Why I ran

Despite all these very high hurdles, I decided to run for president this year. I have spent the last 25 years defending good governance and fighting corruption. In 2000, at a time Cameroon was accused of being the most corrupt country in the world, I founded the national chapter of international anti-corruption NGO Transparency International. Needless to say, this earned me the ire of the establishment. I went on to work for bodies such as the African Development Bank and High Level Panel on Illicit Financial Flows from Africa.

In this time, I watched as my country steadily moved in the wrong direction. And with the worsening situation in the Anglophone regions threatening to pull apart the fabric of our nation, a sense of responsibility weighed on my soul. I knew that I had to put my experience at the service of our citizens and attack the issues at their source – the system.

I submitted my candidacy, though in the end I withdrew and backed Maurice Kamto. There is nowhere in Africa where the opposition has removed a dictator like Biya without presenting a common front. I therefore called on my supporters to get behind a fellow opposition leader, but while the remaining eight candidates held some further meetings, they did not meet once together as a group. This meant that there was no single opposition candidate to challenge President Biya.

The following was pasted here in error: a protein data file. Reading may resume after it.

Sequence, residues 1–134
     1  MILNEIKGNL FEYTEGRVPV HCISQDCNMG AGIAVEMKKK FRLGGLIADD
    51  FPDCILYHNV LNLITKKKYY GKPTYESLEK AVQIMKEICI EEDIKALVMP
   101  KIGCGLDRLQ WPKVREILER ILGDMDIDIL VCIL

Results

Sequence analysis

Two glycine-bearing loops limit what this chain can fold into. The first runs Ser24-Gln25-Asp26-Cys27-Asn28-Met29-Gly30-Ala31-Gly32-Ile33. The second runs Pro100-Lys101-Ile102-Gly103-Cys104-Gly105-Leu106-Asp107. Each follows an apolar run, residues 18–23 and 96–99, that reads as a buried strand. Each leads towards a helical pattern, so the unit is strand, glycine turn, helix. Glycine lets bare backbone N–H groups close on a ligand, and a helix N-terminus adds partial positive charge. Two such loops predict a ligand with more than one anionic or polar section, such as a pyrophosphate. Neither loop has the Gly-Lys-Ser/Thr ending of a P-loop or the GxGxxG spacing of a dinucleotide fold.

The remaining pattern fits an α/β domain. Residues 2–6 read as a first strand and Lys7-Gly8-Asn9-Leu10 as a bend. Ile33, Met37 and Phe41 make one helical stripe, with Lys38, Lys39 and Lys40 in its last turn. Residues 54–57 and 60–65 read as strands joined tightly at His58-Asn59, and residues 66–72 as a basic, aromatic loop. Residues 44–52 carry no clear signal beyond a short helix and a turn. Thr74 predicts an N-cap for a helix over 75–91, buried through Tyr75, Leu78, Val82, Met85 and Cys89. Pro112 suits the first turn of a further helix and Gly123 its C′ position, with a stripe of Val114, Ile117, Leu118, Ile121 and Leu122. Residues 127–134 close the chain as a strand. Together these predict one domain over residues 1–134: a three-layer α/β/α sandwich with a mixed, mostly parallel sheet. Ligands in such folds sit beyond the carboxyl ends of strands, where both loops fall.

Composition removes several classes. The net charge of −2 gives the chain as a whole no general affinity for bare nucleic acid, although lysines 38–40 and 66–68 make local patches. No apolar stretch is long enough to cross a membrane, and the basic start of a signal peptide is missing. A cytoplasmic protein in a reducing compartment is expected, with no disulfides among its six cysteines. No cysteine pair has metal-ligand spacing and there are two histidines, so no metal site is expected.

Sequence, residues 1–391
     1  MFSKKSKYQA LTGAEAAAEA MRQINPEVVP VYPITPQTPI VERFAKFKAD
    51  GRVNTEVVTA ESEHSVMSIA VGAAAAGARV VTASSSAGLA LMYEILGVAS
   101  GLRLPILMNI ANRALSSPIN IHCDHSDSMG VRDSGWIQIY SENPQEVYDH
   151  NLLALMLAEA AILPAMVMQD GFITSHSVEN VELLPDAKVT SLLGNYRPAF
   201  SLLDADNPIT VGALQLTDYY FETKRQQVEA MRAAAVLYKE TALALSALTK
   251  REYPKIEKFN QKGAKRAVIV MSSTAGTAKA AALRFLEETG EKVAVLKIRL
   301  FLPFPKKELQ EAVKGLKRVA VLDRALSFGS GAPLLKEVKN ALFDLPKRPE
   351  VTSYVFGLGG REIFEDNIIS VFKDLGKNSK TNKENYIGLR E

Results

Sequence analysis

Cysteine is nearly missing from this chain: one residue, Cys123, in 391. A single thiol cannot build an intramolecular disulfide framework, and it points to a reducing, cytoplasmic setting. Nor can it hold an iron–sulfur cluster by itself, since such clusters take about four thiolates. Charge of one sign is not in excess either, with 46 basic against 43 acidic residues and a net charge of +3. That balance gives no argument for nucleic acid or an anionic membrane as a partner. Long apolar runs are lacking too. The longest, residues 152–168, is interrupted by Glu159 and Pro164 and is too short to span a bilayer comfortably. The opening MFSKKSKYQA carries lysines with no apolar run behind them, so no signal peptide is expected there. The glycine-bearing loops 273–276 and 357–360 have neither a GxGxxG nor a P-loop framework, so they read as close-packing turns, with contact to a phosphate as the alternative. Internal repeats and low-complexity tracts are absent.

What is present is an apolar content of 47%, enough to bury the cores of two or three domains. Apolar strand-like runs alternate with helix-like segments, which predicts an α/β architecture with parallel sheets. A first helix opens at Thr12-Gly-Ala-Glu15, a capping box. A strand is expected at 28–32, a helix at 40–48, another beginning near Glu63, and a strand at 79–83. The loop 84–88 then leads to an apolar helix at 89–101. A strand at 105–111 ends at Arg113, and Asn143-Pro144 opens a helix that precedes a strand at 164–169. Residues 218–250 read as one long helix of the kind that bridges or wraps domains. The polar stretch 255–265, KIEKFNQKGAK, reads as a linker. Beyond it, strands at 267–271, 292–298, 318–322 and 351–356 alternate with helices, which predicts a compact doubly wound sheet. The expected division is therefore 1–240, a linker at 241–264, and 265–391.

This fact discouraged  many voters who concluded the process was a waste of time and the result a foregone conclusion. Turnout fell from previous elections to just 54% and was as low as 10% in the restive Anglophone regions.

The system or the streets

In the final tally, Biya officially won with 71.28%. Kamto came second with 14.23%. But there were reports of massive fraud. The absence of opposition officials at many polling stations allowed the stuffing of ballot boxes. An incomplete biometric system meant that some people voted multiple times.

The legal challenge against the election results that followed exposed the Constitutional Council as a political institution. This all played out on national television and many citizens, for the first time, witnessed the fraud that cripples our electoral process.

The danger that Cameroon now faces is that its elections’ lack of credibility could lead voters to question the need to participate at all. And if electoral justice becomes captured by politics and hence incapable of addressing issues raised through the proper avenues, the streets will take over. Since the elections, there have been demonstrations against what has been described as a deeply faulty process. These demonstrations have been relayed to the diaspora in Europe and America.

Amongst other things, Cameroon needs to design an adequate electoral system. It is essential to make reforms so that the individual controlling the process is not also a player in it. This will of course mean the incumbent’s huge advantages are reduced, but if the electoral playing field is not evened out then the country risks being stuck in an interminable loop created by a government for the government. And Cameroonians will only stand for this so long.

Till then, Cameroon sadly remains a state captured by a few oligarchs.